Wednesday, December 1

New Retro Reward 17: A Fun, Soft Ride

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The third week of October is pushing the boating season in Connecticut, but there we were, heading out of Mystic Harbor at about 35 mph in hull number one of the head-turning Reward 17, grinning from ear to ear.

Even though we were going into a 15-knot or so headwind, with 3-foot seas, the Reward 17, driven by a 170-hp Rotax engine and a waterjet, delivered a ride that was soft and easy.  To show the boat’s maneuverability, Chris Ashley, who designed it and built it, turned the wheel and put us into a jet-drive turn; an immediate turn. But still the ride was soft and easy.

My conclusion: The Reward 17 is fun to look at, and it’s fun to drive. It’s also unique, a retro-looking gentleman’s racer or harbor runabout with a 1930s style that harkens back to the glory days of big commuter boats (Ashley designed the transom to look like the one on the iconic commuter Aphrodite) without any of the problems associated with wood and teak and varnish.

The entire boat is fiberglass, and the topsides are painted. All you have to do is hose it down after you bring it back to the dock or load it on the trailer; in fact, the Reward comes with a six-year, no maintenance warranty.

It’s also low to the water. As we came back into the harbor, the railroad bridge was down (we could hear the Amtrak train on its way). We waved to two guys on a new Axopar 28 waiting for an opening, while we just ducked under the bridge, with its eight-foot clearance, without any problem.

The Reward 17 has a conventional V hull, with an 18-degree deadrise at the transom. Despite its wood looks, it’s laid up with vacuum-infused vinylester resin and cored laminate; it’s light, stiff and strong. Ashley says the boat has topped out at 46 mph with one person on board.

It has a plumb bow and then the sheerline runs back gracefully to some tumblehome at the stern and the tapered, rounded transom. Welcome to 1935.

For protection in salt water, the Rotax has closed-loop cooling and raw-water exhaust cooling. The shifting is easy and high-tech, made possible by an intelligent Neutral Reverse (iNR) electronically controlled reversing bucket; it controls the neutral and reverse positions as well as the speed.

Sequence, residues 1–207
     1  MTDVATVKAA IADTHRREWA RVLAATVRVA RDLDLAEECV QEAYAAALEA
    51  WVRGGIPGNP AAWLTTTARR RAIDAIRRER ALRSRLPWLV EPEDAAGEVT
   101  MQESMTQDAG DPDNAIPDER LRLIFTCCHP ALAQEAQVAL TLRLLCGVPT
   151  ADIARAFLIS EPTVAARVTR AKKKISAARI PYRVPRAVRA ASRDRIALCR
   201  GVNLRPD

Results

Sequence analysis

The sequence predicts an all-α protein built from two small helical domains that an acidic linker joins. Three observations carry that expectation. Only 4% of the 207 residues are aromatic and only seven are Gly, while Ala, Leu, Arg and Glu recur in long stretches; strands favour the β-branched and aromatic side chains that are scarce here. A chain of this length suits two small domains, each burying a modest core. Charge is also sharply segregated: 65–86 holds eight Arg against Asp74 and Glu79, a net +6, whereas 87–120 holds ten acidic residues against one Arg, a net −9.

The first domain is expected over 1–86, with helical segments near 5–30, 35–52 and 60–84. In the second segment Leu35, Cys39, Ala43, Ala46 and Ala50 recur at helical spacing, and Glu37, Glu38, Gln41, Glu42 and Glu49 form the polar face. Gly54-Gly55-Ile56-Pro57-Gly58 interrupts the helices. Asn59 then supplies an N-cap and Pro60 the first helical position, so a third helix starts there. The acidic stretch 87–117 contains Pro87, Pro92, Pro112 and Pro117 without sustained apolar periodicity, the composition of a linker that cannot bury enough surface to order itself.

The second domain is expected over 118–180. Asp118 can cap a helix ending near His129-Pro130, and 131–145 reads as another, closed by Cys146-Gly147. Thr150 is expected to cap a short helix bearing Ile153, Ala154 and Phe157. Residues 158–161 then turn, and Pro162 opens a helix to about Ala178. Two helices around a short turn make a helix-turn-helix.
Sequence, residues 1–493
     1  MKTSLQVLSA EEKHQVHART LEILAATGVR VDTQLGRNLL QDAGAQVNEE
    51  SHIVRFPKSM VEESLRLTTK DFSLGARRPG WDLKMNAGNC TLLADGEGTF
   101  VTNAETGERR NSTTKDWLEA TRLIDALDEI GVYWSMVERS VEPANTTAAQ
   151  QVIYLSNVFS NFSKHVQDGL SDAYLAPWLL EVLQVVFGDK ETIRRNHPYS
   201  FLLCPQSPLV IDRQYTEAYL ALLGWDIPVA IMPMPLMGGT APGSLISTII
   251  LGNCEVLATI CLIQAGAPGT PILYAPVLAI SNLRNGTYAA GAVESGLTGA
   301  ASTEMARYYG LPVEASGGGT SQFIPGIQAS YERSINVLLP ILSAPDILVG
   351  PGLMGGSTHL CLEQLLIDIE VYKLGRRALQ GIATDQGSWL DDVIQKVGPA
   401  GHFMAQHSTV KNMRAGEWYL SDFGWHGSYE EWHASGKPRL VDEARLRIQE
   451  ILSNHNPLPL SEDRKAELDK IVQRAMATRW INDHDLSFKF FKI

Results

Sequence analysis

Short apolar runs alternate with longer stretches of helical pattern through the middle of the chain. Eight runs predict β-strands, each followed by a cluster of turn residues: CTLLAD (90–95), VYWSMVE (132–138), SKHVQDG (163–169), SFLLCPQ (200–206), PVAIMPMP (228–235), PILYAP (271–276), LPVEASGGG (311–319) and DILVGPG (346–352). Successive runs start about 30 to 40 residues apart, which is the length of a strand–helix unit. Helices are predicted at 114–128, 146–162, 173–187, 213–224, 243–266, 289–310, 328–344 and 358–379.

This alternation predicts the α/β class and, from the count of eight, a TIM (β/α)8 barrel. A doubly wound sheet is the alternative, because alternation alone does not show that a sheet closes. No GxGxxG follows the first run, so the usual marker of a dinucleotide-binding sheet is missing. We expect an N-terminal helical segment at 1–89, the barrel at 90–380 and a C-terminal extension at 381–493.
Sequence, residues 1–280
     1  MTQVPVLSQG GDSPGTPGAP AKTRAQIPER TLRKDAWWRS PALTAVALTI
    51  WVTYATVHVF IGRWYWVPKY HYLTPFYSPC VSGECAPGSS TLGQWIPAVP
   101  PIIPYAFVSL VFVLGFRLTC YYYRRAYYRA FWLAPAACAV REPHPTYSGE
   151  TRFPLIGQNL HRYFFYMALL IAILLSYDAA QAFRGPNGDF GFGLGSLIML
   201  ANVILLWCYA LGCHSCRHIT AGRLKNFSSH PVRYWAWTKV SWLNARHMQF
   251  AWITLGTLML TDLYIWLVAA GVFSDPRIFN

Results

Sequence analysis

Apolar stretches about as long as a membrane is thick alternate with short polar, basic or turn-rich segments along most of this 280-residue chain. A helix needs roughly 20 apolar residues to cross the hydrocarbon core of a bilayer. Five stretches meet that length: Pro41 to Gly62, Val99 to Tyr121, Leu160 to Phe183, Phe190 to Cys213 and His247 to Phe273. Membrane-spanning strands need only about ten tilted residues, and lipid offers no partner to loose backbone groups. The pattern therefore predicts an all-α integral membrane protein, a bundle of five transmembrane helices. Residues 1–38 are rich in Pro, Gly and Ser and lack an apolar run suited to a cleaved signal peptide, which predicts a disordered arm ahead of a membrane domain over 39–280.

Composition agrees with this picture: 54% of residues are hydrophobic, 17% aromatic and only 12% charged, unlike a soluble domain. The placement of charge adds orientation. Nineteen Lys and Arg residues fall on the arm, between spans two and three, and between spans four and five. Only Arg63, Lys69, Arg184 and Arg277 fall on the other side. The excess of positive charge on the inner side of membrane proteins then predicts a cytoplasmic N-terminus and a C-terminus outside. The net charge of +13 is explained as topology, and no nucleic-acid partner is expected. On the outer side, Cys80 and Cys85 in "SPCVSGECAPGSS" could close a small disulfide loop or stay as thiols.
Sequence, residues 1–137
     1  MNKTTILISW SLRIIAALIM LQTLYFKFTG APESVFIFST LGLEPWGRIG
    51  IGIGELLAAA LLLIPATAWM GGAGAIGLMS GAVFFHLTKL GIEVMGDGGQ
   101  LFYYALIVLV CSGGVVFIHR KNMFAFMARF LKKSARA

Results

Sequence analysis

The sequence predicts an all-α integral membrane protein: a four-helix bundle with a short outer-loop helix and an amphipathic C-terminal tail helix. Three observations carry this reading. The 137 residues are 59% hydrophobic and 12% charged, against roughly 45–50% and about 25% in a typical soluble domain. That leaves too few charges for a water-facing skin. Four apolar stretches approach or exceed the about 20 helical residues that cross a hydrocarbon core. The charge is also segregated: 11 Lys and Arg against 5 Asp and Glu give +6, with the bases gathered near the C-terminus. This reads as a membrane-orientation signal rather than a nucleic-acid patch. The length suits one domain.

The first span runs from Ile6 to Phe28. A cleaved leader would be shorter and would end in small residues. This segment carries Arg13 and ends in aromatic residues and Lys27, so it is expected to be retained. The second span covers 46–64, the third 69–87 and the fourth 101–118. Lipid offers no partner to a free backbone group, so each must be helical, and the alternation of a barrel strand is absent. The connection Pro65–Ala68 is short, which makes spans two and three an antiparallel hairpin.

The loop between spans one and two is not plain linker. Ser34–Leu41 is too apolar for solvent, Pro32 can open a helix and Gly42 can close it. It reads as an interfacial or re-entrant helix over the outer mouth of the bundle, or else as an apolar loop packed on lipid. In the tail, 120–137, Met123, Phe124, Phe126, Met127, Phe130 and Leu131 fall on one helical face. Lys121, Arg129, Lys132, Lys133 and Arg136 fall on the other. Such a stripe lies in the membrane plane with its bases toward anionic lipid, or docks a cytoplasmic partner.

There are no secrets associated with the Reward. What you see is what you get. There aren’t any grab rails or railings. There are two seats facing a dash with a tach and speedo and Boss sound system; a rear-view mirror is centered above the dash and below the low, two-part windshield. A hatch on the foredeck holds fenders, lines and other gear.

The boat is entirely Ashley’s brainchild. An engineer by training, he loved wooden boats, and bought a 1952 Chris-Craft after he graduated from Cornell and restored it. Then came an assortment of other restorations, including some St. Lawrence River skiffs and an Old Town lapstrake, plus a new Adirondack guide boat.

Then Ashley wanted to build his own boat, and he took a Woodlawn Yacht Design course. And four years ago he started working on a 17-foot retro runabout called the King Hell Attitude, with a Harley-Davidson engine and motorcycle seats and handlebars. It was a wooden boat, and while it was a fun project, it did not set the market on fire.

Ashley went back to his CAD programs and started working on the fiberglass Reward 17 just in time for the Covid pandemic. He made the boat in his shop in Weston, Massachusetts, just outside Boston, and launched it July. He displayed it on land, on a trailer, at the Newport show in September, where it drew a lot of attention.

As we headed back to the dock in Mystic, I told Ashley I was impressed by both the ride and the performance. We passed a 60-foot sailboat also starting to tie up. The couple on board both looked at the Reward and waved. “Life is too short to have an ugly boat,” Ashley said.

The Reward 17 is priced at $72,000, and that includes everything. The only options are a trailer and a boat cover.

Ashley is taking orders now, and expects to ramp up production soon. If all goes well, he will launch a 23-foot version in a few years.

Specs.: LOA: 16’11”; Beam: 5’1”; Draft: 10.75”; Disp.: 1,400 lbs.; Fuel: 18 gals.; Water: NA; Power: 1×170-hp Rotax water jet. Read more:




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